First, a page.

Art Basel Hong Kong 2024 wraps on a year of growth

Art Basel Hong Kong 2024 wraps on a year of growth
Courtesy of Art Basel Hong Kong.
Must see  -   Exhibitions

Many international festivals have been seeing a slow return to their former glory this past year after reduced operations due to the COVID-19 pandemic—although there are still reports of new surges—and this was evident at Art Basel Hong Kong 2024. After multiple years of a pared-down version of the event, it was back in full force this past week to showcase Pacific Asian artists and the global art community.


Art Basel Hong Kong 2024 hosted two hundred and forty-two exhibitors, compared to the one hundred and seventy-seven from last year—although they reported being down over 10,000 visitors from last year’s total of 86,000. Still, the festival made a strong showing of talent from across the Pacific Asian region and its diaspora, from curated works of the early 20th century and beyond to galleries for established and emerging artists to immersive installations.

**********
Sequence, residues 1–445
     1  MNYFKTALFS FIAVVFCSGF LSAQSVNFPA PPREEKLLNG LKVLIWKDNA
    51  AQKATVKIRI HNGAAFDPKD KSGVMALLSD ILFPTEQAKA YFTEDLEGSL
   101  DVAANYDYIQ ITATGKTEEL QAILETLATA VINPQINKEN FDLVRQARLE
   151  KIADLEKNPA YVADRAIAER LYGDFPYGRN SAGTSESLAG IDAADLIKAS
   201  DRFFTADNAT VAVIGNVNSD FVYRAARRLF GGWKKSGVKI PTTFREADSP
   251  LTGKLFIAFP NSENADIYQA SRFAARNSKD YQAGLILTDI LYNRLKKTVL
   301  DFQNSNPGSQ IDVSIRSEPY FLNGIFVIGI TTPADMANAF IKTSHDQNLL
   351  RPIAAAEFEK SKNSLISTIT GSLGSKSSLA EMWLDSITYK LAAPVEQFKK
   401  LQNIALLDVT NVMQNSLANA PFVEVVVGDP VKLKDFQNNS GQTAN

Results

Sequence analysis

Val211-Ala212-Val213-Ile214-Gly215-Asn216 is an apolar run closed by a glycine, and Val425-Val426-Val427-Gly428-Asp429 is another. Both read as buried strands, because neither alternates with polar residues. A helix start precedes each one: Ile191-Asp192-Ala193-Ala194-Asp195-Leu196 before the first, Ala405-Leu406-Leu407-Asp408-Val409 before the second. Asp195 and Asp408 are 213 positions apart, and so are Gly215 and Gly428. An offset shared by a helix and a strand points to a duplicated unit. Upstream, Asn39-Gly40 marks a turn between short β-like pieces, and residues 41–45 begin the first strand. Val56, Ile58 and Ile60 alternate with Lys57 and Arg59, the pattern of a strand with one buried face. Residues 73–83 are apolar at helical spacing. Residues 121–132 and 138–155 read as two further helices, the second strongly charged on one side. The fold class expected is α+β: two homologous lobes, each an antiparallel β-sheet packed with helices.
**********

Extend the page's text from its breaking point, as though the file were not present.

Some of the works in the central spotlight of this year’s exhibition included: Atsushi Kaga’s Ukiyo-e (2022-23), an installation evoking a traditional Kabuki-style theatre of the Edo period with a panel painting of the artist’s bunny alter ego sat amidst homages to his late mother; El Anatsui’s A Desire To Get Away (2024), a massive tapestry of bottle caps and metal wire, resembling a fish’s scaly skin from repurposed waste; and the wealth of film works curated by Li Zhenhua.


While Art Basel Hong Kong 2024 may have seen a dip in numbers from the prior year, it is certainly no reflection on the art on offer. An all-encompassing presentation of the modern-historic and current works within its borders and beyond, it is positive to see growth in presentation in the wake of the recent artistic climate. Fingers crossed for an even stronger turn out in the years to come.